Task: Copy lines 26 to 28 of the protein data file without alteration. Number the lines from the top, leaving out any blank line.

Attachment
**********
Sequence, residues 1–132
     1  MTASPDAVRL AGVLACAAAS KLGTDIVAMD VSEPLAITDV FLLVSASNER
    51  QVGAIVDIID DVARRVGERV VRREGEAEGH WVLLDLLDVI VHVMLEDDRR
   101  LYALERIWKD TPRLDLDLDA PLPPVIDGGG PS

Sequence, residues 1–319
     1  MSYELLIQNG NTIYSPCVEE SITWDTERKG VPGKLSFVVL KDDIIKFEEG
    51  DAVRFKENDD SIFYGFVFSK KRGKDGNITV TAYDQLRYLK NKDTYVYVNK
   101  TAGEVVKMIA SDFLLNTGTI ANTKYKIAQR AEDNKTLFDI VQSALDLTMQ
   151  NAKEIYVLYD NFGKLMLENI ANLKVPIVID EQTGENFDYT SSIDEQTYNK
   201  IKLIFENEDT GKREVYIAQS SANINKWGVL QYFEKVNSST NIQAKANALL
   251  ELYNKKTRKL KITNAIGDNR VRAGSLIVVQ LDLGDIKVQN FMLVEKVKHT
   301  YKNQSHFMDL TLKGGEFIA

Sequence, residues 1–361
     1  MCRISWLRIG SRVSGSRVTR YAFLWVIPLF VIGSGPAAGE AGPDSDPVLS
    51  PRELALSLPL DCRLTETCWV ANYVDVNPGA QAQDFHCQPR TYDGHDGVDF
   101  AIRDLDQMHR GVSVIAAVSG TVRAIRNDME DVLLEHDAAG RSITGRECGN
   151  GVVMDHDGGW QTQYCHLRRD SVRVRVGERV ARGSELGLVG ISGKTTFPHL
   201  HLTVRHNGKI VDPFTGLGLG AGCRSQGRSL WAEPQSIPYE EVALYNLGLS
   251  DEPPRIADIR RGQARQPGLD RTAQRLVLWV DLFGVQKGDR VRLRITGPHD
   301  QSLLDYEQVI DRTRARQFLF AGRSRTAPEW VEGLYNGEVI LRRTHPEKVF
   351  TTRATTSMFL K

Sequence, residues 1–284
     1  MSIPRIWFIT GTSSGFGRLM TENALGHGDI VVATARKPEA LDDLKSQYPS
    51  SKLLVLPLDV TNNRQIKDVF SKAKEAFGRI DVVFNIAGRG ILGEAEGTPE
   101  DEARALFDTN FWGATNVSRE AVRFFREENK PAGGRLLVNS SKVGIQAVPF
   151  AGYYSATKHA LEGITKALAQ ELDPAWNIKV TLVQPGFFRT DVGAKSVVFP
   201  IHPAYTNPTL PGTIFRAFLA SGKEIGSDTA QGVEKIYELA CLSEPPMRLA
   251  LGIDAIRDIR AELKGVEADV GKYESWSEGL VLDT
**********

   151  AGYYSATKHA LEGITKALAQ ELDPAWNIKV TLVQPGFFRT DVGAKSVVFP
   201  IHPAYTNPTL PGTIFRAFLA SGKEIGSDTA QGVEKIYELA CLSEPPMRLA
   251  LGIDAIRDIR AELKGVEADV GKYESWSEGL VLDT